Being mindful.  I guess that brings me back to where I started.  The brains remarkable efficiency is an important tool in daily living.  But its ability to establish habits is a two-edged sword.  Habits can blind us to who we really are.  Mindfulness might just be a good way to introduce us to ourselves.

Tuesday, September 26, 2017

Hi. My name is John, and...

Let me take you back in time.  The date is April 10, 2006 BC (before children).  Lisa and I are living in the house we bought in Lawrenceville.  I'm working at Embry Hills UMC.  It's Holy Week.  Right in the middle of it.  Something snaps, almost audibly.  I'm convinced.  And I decide that I will not drink Coca Cola anymore.

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Coke's stock immediately plummeted.
I was drinking a lot of Coke.  When you add up the refills it was probably about a 12 pack a day.  I started with breakfast and ended with dinner.  Realizing that was too much, I tried to slow down, and I couldn't.  I realized that I didn't have control over my consumption.  In that moment, I guess I just became uncomfortable with the idea that I couldn't not drink it.  So I decided I needed to stop altogether.  I wrote a note on my Coca Cola whiteboard on the fridge: April 10, 2006.  A day that will live in infamy.

I told my brother about stopping.  He told me I would have to start drinking Diet Coke instead.  Gross.  I had no intention.  And then he said the thing that was probably the most helpful in quitting: "You will fail.  If you don't start drinking Diet Coke instead, you will fail.  The headaches.  It's what I had to do."  I was resolute: I would not drink Diet Coke (ew), and I would not fail, mostly because I HAD to be able to prove my brother wrong.  Those who have siblings will understand the intensity of that particular fire.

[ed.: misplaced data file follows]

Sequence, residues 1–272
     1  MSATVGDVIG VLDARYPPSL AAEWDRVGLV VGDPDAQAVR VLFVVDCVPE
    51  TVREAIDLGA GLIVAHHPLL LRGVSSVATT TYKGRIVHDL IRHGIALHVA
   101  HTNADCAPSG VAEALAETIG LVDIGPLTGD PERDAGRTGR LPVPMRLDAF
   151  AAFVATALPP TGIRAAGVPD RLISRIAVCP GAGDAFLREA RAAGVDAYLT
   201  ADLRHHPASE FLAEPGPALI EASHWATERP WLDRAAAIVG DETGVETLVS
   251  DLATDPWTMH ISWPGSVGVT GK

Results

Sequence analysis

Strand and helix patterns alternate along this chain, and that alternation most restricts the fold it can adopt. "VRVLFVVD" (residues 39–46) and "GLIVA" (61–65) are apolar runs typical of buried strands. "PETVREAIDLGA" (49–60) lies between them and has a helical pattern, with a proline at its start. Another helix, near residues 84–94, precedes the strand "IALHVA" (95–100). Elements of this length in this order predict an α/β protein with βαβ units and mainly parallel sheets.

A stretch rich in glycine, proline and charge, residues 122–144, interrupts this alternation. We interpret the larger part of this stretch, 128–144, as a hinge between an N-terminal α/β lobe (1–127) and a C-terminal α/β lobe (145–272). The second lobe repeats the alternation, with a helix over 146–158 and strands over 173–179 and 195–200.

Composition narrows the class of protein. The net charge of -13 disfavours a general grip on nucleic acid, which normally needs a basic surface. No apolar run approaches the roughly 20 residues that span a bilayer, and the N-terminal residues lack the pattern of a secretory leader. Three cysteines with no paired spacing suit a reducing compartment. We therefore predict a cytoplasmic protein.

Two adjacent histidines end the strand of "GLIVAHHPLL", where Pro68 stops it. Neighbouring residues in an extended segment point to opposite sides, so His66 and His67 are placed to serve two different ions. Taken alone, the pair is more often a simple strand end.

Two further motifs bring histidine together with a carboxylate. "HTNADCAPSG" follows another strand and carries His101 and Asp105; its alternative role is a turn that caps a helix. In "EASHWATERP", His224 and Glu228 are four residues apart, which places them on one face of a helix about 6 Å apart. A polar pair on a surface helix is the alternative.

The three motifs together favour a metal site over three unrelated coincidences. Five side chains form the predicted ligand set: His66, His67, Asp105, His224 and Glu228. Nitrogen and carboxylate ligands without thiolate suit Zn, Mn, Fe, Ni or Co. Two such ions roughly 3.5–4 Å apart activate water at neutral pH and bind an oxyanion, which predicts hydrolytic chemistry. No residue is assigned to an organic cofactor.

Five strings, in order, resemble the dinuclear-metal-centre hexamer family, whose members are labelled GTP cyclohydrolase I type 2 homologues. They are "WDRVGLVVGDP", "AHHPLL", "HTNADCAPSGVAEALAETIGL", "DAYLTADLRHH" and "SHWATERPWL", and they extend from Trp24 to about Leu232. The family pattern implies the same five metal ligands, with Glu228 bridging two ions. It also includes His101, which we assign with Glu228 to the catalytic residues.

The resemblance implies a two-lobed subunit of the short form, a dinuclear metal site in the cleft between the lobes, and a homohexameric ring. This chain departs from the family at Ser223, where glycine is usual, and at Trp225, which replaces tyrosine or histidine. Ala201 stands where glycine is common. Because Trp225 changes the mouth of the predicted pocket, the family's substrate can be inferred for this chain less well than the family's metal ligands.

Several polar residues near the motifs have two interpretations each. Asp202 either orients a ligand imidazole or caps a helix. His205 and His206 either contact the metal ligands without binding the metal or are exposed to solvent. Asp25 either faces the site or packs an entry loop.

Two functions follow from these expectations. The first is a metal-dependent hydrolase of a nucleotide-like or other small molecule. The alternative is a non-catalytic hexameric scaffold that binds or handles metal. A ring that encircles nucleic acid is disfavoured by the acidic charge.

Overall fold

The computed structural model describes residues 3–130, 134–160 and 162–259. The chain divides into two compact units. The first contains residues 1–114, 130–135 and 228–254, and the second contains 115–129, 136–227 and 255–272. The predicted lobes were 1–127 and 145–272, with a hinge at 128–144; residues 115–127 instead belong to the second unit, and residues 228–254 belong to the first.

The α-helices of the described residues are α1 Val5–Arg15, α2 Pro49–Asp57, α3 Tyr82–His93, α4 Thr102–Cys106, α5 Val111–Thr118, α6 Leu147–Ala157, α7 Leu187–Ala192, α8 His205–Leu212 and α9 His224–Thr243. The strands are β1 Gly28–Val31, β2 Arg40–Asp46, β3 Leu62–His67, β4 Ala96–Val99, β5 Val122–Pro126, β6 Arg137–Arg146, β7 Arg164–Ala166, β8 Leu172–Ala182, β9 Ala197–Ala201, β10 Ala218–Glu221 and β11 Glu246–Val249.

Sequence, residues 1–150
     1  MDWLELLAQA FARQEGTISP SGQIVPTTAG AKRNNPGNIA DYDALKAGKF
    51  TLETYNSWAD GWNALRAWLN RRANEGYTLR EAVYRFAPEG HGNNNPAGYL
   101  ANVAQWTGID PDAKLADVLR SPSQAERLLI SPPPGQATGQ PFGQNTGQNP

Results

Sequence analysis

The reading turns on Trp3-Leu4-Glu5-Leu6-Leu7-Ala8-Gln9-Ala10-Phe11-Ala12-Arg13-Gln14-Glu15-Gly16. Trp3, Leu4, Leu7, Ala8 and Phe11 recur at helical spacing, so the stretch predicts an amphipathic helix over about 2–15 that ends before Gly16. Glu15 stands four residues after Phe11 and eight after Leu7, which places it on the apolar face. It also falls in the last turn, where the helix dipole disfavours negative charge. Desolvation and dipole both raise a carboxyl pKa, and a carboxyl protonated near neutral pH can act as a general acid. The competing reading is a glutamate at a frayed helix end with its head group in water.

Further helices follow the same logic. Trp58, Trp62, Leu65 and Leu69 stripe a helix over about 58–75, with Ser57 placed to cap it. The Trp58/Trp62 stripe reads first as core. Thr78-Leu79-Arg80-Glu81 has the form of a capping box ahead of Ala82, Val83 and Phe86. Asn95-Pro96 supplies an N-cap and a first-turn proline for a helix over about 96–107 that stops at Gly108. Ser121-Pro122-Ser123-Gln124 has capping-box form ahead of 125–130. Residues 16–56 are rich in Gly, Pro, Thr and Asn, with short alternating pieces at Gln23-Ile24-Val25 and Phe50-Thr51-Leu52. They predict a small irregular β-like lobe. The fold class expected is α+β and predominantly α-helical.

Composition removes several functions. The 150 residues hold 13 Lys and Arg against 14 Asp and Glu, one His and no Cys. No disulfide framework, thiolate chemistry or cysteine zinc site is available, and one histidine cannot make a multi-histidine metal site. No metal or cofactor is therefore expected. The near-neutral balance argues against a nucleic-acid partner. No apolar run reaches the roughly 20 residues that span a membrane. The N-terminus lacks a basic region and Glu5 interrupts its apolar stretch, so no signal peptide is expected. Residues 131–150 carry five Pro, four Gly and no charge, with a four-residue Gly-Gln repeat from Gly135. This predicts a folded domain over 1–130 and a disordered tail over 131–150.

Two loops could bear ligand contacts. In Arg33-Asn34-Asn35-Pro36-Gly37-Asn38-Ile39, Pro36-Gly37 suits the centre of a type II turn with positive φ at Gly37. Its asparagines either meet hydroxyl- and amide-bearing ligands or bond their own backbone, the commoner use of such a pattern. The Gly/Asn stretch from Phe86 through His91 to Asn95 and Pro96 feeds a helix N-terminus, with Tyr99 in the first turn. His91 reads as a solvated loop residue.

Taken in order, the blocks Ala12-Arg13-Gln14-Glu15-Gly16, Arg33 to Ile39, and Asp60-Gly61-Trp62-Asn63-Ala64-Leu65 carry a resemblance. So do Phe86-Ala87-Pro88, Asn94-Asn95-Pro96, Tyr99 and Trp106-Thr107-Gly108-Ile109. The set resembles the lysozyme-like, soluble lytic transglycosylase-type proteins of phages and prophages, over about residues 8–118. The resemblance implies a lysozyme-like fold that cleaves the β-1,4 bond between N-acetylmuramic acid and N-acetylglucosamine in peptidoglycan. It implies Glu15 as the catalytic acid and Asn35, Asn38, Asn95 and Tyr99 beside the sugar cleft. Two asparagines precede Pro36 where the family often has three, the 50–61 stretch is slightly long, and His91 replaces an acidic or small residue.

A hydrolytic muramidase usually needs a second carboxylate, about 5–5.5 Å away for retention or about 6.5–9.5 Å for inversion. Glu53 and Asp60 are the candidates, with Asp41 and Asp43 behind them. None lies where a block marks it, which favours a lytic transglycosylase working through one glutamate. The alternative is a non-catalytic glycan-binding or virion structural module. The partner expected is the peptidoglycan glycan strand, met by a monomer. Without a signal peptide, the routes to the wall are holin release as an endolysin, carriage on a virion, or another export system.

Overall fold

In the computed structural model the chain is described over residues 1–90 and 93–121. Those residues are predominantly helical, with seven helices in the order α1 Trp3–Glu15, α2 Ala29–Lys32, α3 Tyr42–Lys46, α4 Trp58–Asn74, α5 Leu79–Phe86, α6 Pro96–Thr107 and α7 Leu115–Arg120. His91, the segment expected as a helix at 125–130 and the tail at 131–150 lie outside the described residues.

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I typically played the part of the brother on the left.
The first months were the most difficult.  Every time I ate a new meal, my body wanted and expected to have Coke as well.  When I gave it water instead...it was not happy.  Mac and Cheese.  Pizza.  These go well with a Coke.  I even left a Coke in the fridge, and every time I saw it, I heard my brother's words.  I closed the door.

A little more than a year later, Wesley was born.  I had successfully beat my Coke demon, but I was still significantly overweight and completely out of shape.  I needed to set a better example for my child.  I didn't want him to wait until he was 30 to decide that fitness matters.  So I started exercising and eating better.  I ate more chicken and less red meat.  More veggies and less fried food.  Not none, just less.  I tracked my calories.  I didn't snack as much, and when I did it was healthy food.  And over a period of the next couple of years, I lost 60 pounds.

Years, not months.  Because I was committed to doing it right.  I was committed to healthy living, not losing weight.  It had taken me 30 years to get that big, so I had to expect it would take a some time to get smaller.  I remember the first time I stepped on the scale and it read less than 200 pounds.  I took a picture of it.  It was a hugely triumphant moment for me.  Some time after that I had lost enough weight that Lisa actually asked me to put a little back on!  In consultation with my doctor, I arrived at an ideal weight for me.  I felt good.  I looked healthy.  All was well.

Addiction is a genetic trait, and it is prevalent in my family.  Across the years I have seen evidence that I am inclined to addiction myself.  It looks an awful lot like just being a creature of habit.  At various points in my life it has looked like playing video games too much or watching TV too much.  In April of 2006 I realized it looked like drinking Coca Cola.  The only way to beat the addiction, at least for me, was to name it and reject it.  Every. Day.  Forget weeks or months or years.  Daily I had to remind myself of who I was and (more importantly) why I was.  I was not here to drink Coke.  I was here to be a husband and father.  I was here to serve in ministry.

I won, y'all.  I won.  I beat it.

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Yeah.  It felt that good.